Patreon quickly reversed course, and Jenkins said that the company learned a lot from the fiasco. “Creators don’t want us between them and their fans,” he said, which is why the company decided to continue to charge payment fees to creators. This time around, the company also got more feedback from its creative community, with Jenkins saying that it talked to over 1000 creators about the new changes.

Still, Jenkins fully expects some creators to resist the change, even though existing members will be able to keep their 5 percent split going forward. “There is this natural tension between art and capitalism,” he said.

More Digital

  • hdhomerun roku app

    HDHomerun App Brings Live TV to Roku Devices

    Roku users are getting another way to watch live television with the help of their favorite streaming devices: Silicondust, maker of the HDHomerun TV tuners, has released a beta version of its HDHomerun app for Roku TVs and streaming devices. “We need to start out by saying this is very much a beta product,” the [...]

  • Vox Media

    Vox Media Staff Ratifies First Union Contract, Negotiated by Writers Guild

    Staffers at Vox Media, which includes Curbed, Eater, Polygon, Recode, SB Nation, The Verge and Vox.com, have ratified their first collective bargaining agreement with more than 90% in support. The staffers are represented by the Writers Guild of America East. Vox Media’s 350-member unit began bargaining their first contract in April 2018. The campaign to [...]

  • Joslyn Davis, Lily-Marston - Shared Media

    Clevver’s Joslyn Davis, Lily Marston Launch Their Own YouTube Media Venture (EXCLUSIVE)

    Here’s the latest chapter in the saga of Clevver, the entertainment/lifestyle YouTube network marooned by the shuttering of former parent Defy Media and subsequently snapped up by Hearst Magazines. Two of the principal creatives behind Clevver — Joslyn Davis and Lily Marston — together with Clevver Media co-founder Jorge Maldonado have launched Shared Media, their [...]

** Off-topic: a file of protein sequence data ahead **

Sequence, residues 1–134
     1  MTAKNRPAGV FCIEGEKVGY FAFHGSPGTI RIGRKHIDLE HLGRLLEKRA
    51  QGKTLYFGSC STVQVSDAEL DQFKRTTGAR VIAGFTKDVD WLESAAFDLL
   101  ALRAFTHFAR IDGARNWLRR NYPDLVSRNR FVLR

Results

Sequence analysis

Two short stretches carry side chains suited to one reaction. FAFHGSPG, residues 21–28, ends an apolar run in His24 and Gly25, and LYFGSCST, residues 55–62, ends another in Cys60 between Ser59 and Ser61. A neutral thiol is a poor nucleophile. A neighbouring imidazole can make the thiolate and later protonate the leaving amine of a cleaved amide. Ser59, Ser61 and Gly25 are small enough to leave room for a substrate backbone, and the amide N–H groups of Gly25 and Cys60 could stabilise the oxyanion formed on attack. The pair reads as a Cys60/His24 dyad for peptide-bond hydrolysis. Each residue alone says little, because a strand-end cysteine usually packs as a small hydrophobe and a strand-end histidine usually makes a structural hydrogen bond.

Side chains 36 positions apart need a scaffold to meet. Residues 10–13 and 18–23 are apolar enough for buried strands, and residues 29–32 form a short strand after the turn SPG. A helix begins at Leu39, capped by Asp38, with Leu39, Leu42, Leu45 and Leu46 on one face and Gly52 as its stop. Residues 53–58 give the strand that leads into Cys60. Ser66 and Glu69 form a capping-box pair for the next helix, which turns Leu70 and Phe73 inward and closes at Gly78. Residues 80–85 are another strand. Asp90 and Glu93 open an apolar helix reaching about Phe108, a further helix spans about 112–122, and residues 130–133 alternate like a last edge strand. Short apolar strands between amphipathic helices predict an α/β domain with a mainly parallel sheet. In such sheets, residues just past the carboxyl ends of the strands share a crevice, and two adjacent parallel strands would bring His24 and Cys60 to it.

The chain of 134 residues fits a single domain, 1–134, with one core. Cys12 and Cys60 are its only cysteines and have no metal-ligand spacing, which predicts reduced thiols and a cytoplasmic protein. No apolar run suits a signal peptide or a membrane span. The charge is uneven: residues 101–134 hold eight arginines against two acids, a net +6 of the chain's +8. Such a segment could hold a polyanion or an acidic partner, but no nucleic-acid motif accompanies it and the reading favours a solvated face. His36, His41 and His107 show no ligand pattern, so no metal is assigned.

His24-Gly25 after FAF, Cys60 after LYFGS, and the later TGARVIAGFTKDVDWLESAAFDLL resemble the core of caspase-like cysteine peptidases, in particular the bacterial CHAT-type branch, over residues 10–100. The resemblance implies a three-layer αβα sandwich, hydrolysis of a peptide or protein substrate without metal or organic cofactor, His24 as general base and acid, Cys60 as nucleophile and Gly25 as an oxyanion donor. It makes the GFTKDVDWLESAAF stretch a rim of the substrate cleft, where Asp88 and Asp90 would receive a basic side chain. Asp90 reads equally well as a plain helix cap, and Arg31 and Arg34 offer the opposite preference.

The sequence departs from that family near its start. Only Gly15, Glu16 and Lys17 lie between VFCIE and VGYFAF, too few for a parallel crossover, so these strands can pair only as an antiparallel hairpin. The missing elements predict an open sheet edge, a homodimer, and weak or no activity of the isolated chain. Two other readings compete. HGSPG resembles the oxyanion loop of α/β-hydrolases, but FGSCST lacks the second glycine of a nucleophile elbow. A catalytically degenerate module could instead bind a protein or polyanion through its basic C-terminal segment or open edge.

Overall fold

• Money-Diaries-Refinery29

    Refinery29 to Produce Interactive Series Funded by Eko (EXCLUSIVE)

    Refinery29 has been bitten by the “Bandersnatch” bug. The millennial-female-focused digital media and entertainment company inked a pact with Eko, an interactive-video platform developer whose backers include Walmart, to produce several “choose-your-own-adventure”-style series based on Refinery29 content properties. The companies have started development on their first project: an interactive scripted adaptation of Refinery29’s popular “Money [...]

  • Dan Howell

    YouTube Star Dan Howell Comes Out as Gay: 'It Gets So Much Better'

    It’s Pride Month, and popular YouTube vlogger Dan Howell had a message for fans that he’d been working on for a year: “Basically, I’m Gay,” he shared in a video Thursday. In the 45-minute video, Howell discussed coming to terms with his sexual orientation and his thoughts on labels that people use to define themselves [...]

  • Netflix Expands Korean Content Commitment

    Netflix Expands Korean Content Commitment as Industry Deepens

    Global streaming giant, Netflix is expanding its involvement in the Korean film and TV industries by greenlighting several new shows and renewing others. “When we started three years ago, we had a high degree of confidence that Korean drama would work well in Asia, but we had no internal metrics of our own,” Korean content [...]

  • Instagram Logo

    Instagram Outage: Facebook’s Photo Sharing Service Went Down For Multiple Hours

    Instagram faced another major outage Thursday afternoon, with users from around the world reporting that they weren’t able to access Facebook’s photo sharing service via its app and website. An Instagram spokesperson told Variety around 5pm PT that the issue had been resolved: “Earlier today, a technical issue caused some people to have trouble accessing [...]

More From Our Brands

Access exclusive content